Vulnerability Patching: A Resource Guide

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What is Vulnerability Patching and How Does it Differ from Vulnerability Management?

Vulnerability patching is the short-term implementation of patches, which are pieces of code added to existing software to improve functionality or to remove vulnerabilities that have been flagged. Patches usually come from vendors of affected hardware or software and IT should apply them to an affected area in a timely manner.

Vulnerability management is a proactive and systematic approach to managing network security. It starts by checking an organization’s operating systems, software, applications, and network components to identify vulnerabilities or flaws that could allow a malicious user to gain access and cause harm. An organization could be exposed to a vulnerability whenever IT installs something new, updates an application, or something is downloaded.

The responsibility for vulnerability management typically falls on security teams while IT is responsible for patching and patch management. In some scenarios, the workflow is that security will scan and detect a vulnerability, create a ticket with IT, and wait for IT to apply the patch and then report the status back to security to close the loop. This often leads to significant time delays between vulnerability detection and remediation.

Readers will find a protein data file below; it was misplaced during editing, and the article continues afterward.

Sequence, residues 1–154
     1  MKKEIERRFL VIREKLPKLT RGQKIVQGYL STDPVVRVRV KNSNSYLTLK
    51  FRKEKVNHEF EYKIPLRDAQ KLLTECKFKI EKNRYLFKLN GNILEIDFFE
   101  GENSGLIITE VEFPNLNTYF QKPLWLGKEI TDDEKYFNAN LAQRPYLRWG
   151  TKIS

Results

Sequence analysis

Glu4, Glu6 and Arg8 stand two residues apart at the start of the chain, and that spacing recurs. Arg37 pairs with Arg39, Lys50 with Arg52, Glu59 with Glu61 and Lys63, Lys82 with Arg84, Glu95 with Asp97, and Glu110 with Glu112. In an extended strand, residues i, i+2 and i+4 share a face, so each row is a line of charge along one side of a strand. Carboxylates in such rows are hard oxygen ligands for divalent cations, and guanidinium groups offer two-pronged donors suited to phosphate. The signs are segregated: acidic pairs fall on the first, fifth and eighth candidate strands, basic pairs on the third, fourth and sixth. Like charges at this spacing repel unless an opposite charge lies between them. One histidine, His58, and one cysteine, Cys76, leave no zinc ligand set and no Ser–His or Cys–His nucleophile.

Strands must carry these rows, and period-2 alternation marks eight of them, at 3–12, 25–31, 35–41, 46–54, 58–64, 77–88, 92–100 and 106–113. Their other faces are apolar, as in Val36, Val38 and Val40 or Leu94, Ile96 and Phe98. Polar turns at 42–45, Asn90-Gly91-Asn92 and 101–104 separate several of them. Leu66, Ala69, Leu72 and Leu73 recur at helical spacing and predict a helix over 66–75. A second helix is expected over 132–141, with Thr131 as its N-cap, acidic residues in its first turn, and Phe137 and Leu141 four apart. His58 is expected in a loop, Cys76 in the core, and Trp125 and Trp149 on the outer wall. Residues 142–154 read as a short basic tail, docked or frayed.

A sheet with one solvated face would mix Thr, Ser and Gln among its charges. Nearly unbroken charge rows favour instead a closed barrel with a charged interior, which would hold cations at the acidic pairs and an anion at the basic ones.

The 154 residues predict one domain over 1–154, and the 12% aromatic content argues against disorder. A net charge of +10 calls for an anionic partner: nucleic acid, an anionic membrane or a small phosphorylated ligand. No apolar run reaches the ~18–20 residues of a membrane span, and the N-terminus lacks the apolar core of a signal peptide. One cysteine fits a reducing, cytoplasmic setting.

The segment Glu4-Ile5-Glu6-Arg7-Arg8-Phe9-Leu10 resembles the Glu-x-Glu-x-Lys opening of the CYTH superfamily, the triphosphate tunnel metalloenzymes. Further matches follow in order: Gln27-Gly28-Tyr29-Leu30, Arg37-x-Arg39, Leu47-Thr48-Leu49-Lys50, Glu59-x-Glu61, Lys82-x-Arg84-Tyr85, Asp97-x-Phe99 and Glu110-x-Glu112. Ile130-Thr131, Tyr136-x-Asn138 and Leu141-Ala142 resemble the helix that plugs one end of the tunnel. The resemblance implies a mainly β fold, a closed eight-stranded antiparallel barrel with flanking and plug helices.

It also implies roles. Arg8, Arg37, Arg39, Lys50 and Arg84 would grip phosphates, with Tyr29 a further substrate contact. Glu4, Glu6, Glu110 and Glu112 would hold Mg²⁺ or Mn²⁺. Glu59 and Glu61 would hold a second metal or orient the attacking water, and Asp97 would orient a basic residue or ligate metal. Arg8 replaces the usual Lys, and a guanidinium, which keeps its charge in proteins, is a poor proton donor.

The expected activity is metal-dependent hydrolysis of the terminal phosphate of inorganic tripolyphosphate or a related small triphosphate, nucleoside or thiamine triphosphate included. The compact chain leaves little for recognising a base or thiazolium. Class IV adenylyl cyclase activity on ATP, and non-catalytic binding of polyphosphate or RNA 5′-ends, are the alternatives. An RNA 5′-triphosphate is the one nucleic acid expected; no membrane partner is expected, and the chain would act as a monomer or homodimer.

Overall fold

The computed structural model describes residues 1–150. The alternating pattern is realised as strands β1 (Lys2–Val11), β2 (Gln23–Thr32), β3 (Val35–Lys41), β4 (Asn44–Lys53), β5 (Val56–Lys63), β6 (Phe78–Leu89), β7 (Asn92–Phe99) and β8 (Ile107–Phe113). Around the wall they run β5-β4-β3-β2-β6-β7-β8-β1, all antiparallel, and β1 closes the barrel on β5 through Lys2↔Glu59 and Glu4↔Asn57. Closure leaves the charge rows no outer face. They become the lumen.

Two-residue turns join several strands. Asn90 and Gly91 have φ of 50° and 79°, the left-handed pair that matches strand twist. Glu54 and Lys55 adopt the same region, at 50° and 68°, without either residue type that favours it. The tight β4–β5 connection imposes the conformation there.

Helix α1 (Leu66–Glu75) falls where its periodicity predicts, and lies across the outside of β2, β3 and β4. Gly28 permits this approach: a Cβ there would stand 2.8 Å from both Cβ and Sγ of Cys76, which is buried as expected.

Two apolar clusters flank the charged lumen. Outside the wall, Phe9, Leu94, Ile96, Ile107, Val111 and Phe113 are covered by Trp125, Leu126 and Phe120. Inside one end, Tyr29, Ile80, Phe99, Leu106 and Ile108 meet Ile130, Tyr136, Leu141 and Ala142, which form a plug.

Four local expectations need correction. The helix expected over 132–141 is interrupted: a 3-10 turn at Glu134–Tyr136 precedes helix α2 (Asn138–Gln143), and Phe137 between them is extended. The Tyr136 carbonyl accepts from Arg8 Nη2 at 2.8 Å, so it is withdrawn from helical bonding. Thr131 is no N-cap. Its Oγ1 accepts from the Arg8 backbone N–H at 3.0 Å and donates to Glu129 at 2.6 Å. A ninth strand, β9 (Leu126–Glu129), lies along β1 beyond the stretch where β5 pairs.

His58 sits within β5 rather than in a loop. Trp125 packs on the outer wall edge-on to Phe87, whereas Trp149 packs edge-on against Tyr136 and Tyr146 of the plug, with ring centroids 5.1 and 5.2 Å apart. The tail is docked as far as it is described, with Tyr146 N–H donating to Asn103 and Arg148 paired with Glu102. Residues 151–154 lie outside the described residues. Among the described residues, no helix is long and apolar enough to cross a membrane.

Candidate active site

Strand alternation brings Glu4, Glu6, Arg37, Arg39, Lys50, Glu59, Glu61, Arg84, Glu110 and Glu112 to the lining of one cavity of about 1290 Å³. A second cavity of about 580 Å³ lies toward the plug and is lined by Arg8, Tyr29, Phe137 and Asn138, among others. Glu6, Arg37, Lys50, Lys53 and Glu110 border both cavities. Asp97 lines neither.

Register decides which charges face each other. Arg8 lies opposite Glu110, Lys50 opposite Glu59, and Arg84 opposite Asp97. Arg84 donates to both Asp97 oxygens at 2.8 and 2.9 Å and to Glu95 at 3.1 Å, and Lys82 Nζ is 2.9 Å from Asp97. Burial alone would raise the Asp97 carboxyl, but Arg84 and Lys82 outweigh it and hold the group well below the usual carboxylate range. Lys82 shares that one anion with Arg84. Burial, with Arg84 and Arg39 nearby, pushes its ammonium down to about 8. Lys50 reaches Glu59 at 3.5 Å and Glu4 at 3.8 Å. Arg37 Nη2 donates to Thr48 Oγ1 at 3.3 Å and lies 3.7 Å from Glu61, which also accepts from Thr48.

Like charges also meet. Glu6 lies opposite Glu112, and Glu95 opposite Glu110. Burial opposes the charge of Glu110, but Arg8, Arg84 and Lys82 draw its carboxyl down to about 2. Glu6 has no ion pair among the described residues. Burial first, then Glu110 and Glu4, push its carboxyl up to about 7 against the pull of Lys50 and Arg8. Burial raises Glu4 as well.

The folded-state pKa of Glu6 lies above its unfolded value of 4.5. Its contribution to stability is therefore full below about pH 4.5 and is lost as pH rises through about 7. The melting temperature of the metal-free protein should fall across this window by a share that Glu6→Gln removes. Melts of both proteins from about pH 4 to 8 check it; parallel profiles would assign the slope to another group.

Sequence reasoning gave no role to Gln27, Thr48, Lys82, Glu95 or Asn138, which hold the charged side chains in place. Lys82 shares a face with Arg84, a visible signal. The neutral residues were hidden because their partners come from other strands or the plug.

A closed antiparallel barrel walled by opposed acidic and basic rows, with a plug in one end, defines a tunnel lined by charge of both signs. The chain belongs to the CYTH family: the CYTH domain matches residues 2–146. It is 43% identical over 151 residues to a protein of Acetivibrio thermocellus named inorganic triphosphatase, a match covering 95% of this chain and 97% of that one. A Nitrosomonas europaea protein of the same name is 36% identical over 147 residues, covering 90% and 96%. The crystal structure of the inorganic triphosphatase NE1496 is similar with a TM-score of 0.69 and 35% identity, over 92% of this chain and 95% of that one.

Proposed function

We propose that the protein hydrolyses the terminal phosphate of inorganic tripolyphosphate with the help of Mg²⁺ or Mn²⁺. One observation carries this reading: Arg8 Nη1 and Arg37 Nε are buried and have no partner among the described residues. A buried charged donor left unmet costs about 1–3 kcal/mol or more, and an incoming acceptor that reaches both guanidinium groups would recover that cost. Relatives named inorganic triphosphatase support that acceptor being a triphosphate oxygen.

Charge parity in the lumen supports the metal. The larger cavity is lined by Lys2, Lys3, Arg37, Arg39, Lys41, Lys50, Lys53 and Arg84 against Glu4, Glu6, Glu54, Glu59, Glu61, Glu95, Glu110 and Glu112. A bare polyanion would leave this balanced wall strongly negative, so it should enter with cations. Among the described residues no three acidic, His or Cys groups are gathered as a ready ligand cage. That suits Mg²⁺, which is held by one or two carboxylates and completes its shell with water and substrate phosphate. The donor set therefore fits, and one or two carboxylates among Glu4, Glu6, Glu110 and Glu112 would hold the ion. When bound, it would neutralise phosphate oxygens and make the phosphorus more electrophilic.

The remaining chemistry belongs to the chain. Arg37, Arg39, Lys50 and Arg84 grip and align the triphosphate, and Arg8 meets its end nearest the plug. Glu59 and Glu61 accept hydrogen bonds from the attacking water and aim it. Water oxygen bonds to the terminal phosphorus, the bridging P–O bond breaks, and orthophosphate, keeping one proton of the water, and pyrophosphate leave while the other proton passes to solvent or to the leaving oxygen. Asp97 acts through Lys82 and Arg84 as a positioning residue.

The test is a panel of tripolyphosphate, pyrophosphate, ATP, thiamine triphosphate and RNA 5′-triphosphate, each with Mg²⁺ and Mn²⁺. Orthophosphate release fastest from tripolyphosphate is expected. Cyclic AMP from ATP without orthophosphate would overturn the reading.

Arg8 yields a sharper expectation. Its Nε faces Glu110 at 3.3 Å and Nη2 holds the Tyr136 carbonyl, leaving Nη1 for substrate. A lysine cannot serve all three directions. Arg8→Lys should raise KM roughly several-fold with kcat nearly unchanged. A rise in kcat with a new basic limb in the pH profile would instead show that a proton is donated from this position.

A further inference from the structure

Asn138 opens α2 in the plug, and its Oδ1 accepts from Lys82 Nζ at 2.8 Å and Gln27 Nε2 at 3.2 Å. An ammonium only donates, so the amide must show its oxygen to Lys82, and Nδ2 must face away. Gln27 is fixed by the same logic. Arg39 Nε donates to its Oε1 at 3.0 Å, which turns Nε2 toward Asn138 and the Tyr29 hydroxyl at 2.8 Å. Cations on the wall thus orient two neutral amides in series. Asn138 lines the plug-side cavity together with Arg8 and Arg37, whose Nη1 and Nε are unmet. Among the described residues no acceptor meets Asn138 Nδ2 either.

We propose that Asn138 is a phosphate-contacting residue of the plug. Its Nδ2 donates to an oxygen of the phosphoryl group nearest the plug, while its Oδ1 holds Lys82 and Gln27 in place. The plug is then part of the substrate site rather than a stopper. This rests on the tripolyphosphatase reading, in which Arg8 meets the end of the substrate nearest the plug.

Understanding Vulnerability Scanning vs. Patching

Vulnerabilities are typically identified using a scanner or endpoint agent. As more enterprises migrate workloads and applications to the cloud, on-premises scanners are being replaced by cloud-based scanners. IT needs to analyze network scans and penetration test results, firewall logs, or vulnerability scan results. Scans provide an understanding of known vulnerabilities or anomalies, which could indicate a malware attack or malicious event has occurred.